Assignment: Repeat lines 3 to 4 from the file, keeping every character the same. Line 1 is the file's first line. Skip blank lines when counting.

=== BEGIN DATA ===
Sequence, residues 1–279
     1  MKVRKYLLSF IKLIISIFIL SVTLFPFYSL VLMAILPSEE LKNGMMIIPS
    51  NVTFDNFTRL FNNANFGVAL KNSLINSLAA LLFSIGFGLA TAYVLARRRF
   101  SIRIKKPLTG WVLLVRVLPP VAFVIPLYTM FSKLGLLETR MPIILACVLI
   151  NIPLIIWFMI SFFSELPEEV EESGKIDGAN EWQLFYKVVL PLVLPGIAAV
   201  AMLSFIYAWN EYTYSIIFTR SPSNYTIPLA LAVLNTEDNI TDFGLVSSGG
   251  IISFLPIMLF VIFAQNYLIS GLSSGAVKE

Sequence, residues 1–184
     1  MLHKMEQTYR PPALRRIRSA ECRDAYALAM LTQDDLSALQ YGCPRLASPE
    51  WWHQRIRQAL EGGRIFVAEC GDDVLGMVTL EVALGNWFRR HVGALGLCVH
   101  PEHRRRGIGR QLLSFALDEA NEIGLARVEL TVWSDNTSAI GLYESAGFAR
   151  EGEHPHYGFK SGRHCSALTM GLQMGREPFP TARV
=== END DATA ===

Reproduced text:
    51  NVTFDNFTRL FNNANFGVAL KNSLINSLAA LLFSIGFGLA TAYVLARRRF
   101  SIRIKKPLTG WVLLVRVLPP VAFVIPLYTM FSKLGLLETR MPIILACVLI